Govt paid SDLP chiefs' expenses in 1970s

The Government paid SDLP chiefs top-class expenses and mileage during the 1970s, it was revealed today.

Confidential files uncover the unusual arrangement allowing senior party figures to claim payments from Dublin after the collapse of the North’s power-sharing executive in 1974.

The documents, just released into the National Archives under a 30-year secrecy rule, also show wary Government officials scrutinised and investigated every claim made by the then dominant Northern nationalist leaders.

In one letter between the Taoiseach’s office and the Department of Foreign Affairs, a top aide struck a prudent – if not suspicious – tone as he noted Austin Currie gave a list of SDLP figures “who were alleged to have attended certain meetings with Government members”.

Another official said details of the claims “do not tally” with records of meetings and advised further investigation to ensure “the SDLP aren’t claiming for something they aren’t entitled to”.

Former leader John Hume was top of the expenses list, claiming more than £350 on one occasion for several meetings, followed by Austin Currie and Seamus Mallon.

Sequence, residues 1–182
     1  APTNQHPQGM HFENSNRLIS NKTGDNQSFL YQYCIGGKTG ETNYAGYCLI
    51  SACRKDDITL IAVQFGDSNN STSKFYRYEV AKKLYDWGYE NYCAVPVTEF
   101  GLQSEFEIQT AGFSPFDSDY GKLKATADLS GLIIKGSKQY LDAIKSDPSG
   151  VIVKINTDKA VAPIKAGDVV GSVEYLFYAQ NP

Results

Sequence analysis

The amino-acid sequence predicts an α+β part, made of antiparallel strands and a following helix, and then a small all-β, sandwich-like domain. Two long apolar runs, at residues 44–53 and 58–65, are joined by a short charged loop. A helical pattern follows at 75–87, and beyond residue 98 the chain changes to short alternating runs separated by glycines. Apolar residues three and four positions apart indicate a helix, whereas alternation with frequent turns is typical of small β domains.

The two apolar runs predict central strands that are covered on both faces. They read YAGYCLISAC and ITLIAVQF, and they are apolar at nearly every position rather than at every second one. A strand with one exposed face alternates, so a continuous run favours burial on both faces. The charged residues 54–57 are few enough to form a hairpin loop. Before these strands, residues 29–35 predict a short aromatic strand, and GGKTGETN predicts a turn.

Other notable figures from the party’s past, including Hugh Logue, Frank Feely, Paddy O’Donoghue, Joe Hendron, Michael Canavan, Tom Daly, Gerry Fitt, Dan McAreavy and Brid Rodgers all made expenses claims, according to the files.

One memo raised concerns that the Department of Finance-sanctioned “civil service mileage rates” and “Class A” subsistence pay-outs for meals and overnight stays were being drawn from a fund capped at £9,000.

“I understand there is a possibility that this will be exceeded,” wrote a Government aide.

SDLP figures claimed for meetings with the Taoiseach, foreign affairs minister, agriculture minister, transport minister and tourism minister.

Back-room officials were tasked with checking with Government ministers if meetings actually occurred after confidential letters from the Taoiseach’s office chased up the expenses from the Department of Finance.

In one correspondence, an official said there was a delay in processing the payments because there “were one or two points I had hoped to confirm with the people involved”.

A number of SDLP figures claimed for meetings that the Department of Finance could find no record of at that time, but they asked for further inquiries to verify the expenses.

“I am sorry I can’t be more specific as to when the ’missing’ meetings might have taken place,” wrote an official.

Inquiries also revealed meetings where SDLP representatives were due expenses, under the arrangement, but they were not claimed.

According to the files, claims for expenses to attend official dinners in Dublin, where visiting dignitaries were looking to be updated on the situation in the North, were rejected.

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